INDIANAPOLIS—Sickle cell disease (SCD) affects thousands of people every day and is the most common genetic blood disorder. Wednesday, June 19, is World Sickle Cell Day. First recognized by the United Nations in 2008 as a public health concern, World Sickle Cell Day is celebrated annually to create awareness about the disease.
Sickle cell disease is a disorder in which the red blood cells in the body become hard, sticky and sickle-shaped, looking like a C-shaped farm tool called a sickle. The sickle cells die early, which causes a constant shortage of red blood cells. Also, when they travel through small blood vessels, they get stuck and clog the blood flow. This can cause pain and other serious problems such as infection, acute chest syndrome and stroke.
SCD is a genetic condition that is present at birth. It is inherited when a child receives two sickle cell genes—one from each parent. People with SCD start to have signs of the disease during the first year of life, usually around two months of age. Symptoms and complications of SCD are different for each person and can range from mild to severe.
In Indiana, there are approximately 1,000 individuals living with SCD and approximately 1,000 babies are born every year with sickle cell trait (SCT). People who inherit one sickle cell gene and one normal gene have SCT. People with SCT can pass the trait on to their children. Symptoms from SCT are usually not as severe as symptoms of SCD.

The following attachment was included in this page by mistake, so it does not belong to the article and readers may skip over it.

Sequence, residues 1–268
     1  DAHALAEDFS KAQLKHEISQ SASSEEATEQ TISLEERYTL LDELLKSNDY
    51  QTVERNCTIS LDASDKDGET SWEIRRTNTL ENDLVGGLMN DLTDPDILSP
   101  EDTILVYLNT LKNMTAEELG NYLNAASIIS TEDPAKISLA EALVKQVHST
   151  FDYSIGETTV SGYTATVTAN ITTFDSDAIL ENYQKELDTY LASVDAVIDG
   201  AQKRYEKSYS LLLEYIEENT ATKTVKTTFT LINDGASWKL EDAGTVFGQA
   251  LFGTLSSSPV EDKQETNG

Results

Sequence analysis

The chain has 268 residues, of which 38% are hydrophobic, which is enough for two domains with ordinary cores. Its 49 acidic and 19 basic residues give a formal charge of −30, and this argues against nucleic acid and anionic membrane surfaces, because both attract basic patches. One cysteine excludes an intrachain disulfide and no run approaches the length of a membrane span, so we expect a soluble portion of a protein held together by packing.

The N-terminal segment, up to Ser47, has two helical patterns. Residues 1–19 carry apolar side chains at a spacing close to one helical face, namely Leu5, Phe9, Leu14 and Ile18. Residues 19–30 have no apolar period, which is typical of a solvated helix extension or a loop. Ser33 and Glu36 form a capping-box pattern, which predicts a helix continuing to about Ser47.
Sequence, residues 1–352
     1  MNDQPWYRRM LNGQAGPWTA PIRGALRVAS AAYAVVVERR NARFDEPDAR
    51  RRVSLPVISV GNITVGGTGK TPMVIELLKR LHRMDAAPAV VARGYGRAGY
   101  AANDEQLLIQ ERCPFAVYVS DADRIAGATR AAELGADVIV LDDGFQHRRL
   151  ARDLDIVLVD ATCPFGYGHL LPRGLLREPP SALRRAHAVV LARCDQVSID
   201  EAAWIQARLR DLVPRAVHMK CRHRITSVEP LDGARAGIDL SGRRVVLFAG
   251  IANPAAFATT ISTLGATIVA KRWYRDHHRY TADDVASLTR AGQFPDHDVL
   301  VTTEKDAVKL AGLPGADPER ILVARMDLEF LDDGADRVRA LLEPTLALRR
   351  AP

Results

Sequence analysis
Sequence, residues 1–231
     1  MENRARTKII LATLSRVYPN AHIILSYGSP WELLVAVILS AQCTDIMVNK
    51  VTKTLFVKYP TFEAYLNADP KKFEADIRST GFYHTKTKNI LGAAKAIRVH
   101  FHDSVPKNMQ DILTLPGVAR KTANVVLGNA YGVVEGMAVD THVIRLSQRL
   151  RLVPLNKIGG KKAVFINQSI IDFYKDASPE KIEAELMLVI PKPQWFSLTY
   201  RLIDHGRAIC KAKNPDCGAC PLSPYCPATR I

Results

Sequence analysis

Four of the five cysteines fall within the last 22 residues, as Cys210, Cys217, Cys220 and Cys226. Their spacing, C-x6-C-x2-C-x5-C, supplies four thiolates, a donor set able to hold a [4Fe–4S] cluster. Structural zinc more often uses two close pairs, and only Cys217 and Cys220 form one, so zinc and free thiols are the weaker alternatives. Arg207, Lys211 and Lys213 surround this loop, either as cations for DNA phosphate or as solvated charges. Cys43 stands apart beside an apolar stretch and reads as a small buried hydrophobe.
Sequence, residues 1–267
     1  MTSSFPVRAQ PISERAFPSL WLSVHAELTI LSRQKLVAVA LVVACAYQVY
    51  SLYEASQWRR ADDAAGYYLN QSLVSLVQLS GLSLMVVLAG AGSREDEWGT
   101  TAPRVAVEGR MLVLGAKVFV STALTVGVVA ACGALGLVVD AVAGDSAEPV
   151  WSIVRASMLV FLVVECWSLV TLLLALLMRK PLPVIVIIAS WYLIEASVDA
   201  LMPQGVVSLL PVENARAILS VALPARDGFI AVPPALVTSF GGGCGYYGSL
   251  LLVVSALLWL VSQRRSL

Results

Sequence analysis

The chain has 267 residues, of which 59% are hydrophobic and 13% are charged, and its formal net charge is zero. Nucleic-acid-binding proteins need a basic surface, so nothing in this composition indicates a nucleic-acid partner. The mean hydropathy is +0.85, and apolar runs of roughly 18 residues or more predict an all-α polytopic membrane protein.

“Every adult and child should know their sickle cell status,” said State Health Commissioner William VanNess, M.D. “In rare cases, people with sickle cell trait might experience complications, such as having severe pain, trouble with low oxygen levels in the air, high altitudes and/or dehydration. It’s important to know if you have the trait so you can be educated and aware of these possible complications.”
The Indiana State Department of Health Sickle Cell Program works with community partners around the state to bring awareness and educate the public on SCT and SCD. It also provides education, resources and support for families that are affected by SCD. Currently, the only cure for SCD is bone marrow or stem cell transplant.
The Martin Center Sickle Cell Initiative will be holding their Annual Sickle Cell 5K Walk/Run on Saturday, June 22 at 8 a.m. For event details and to register, visit www.themartincenter.org.
For more information, visit www.StateHealth.in.gov or follow the Indiana State Department of Health on Twitter at @StateHealthIN and on Facebook at www.facebook.com/isdh1.
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